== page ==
Medical bills stemming from injuries incurred in a car accident can be paid in a variety of ways. Insurance companies settle cases in one lump sum and only after obtaining and reviewing the related medical file. In the meantime, your medical bills might start piling up and you might start getting calls from collection agencies. Our attorneys typically recommend the following with regard to medical bills prior to settlement/verdict:
-Group Health Insurance
If you have health insurance, Medicaid, or Medicare you should bill all of your medical treatment through your health insurance policy. Your health insurance company is entitled to be reimbursed for these payments out of any settlement or verdict obtained on your behalf, but insurance companies often pay for medical treatment at a discounted rate. At the very least, if you bill through your group insurance you know your bills are taken care of and you won't have to deal with bill collectors.
-Medical Payment Provision of your Automobile Insurance
Call your insurance company to see if you have a medical payment policy. Many policies will include $5,000, $10,000 or more in medical coverage for accident-related injuries. Your insurance company is entitled to be reimbursed for these payments out of any settlement or verdict obtained on your behalf, but at least you can get a large amount of your bills paid up front. This option is particularly good if you have no other group health insurance to pay your bills.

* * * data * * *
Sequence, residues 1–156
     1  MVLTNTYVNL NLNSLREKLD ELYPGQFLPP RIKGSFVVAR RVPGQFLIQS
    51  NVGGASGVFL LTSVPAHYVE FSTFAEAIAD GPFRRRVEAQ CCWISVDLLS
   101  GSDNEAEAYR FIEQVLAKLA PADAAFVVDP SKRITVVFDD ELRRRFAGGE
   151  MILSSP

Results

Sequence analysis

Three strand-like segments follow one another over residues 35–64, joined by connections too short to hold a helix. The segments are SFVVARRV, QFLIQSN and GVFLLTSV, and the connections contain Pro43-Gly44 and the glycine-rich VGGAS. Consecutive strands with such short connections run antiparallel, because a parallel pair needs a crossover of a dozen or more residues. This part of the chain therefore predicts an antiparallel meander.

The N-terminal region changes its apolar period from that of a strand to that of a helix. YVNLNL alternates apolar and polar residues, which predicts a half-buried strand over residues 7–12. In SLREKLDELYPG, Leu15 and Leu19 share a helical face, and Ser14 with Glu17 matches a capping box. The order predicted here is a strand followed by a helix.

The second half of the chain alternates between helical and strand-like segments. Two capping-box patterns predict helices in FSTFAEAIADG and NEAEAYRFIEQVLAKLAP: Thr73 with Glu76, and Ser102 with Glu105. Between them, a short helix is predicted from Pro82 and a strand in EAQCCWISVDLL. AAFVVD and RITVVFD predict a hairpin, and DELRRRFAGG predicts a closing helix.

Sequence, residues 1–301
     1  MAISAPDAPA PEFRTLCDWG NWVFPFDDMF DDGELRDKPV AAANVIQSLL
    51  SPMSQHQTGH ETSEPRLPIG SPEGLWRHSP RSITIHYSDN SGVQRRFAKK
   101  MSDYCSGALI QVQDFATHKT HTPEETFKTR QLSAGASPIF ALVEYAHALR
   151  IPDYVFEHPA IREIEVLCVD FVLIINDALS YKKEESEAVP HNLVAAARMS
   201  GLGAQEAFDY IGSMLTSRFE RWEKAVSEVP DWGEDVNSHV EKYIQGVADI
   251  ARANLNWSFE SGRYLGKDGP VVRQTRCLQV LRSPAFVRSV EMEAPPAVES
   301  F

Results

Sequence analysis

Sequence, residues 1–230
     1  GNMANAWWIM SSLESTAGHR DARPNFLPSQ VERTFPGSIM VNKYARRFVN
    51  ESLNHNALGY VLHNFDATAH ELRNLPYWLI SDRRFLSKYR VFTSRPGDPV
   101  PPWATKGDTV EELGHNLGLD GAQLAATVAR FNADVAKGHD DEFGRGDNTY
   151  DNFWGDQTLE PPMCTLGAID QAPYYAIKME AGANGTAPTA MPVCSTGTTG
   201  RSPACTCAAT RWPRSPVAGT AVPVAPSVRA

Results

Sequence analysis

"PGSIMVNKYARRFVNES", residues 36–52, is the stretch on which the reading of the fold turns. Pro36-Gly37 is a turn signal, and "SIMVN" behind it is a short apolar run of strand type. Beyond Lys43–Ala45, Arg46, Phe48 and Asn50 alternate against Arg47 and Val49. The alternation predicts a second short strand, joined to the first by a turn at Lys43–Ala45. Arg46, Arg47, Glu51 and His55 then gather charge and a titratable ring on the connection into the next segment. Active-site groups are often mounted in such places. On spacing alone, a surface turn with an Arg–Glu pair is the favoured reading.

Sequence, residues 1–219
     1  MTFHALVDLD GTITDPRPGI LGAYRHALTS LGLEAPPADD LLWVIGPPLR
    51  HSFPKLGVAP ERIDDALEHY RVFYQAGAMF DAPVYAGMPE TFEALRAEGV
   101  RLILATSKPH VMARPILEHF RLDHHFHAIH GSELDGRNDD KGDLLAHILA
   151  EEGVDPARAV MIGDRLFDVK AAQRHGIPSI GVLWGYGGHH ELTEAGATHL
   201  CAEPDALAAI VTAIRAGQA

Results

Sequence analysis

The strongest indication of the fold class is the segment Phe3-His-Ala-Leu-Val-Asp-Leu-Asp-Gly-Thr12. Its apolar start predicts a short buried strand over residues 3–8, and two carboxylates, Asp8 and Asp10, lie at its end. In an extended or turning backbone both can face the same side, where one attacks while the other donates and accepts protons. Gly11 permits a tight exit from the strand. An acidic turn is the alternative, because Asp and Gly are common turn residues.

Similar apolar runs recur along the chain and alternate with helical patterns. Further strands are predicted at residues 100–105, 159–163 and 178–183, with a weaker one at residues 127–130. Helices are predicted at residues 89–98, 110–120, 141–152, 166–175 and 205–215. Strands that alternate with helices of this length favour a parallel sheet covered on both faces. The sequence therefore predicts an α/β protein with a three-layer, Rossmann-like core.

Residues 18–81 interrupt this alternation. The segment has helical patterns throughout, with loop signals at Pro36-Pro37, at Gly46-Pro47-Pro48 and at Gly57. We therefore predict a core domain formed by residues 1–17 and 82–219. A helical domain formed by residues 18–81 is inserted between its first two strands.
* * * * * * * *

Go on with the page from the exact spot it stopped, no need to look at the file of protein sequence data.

-Health Care Liens
If the first two options are unavailable or exhausted, many providers will agree to place a lien on your personal injury file if you are represented by an attorney. If the physician agrees to place a lien on your file you will be able to receive medical treatment from that provider without having to pay for the charges as they are incurred. Instead, the provider's lien entitles them to be paid out of any settlement or verdict amount obtained on your behalf. In the event that you don't recover for your injuries, you will be responsible for paying the balance owed to the physician.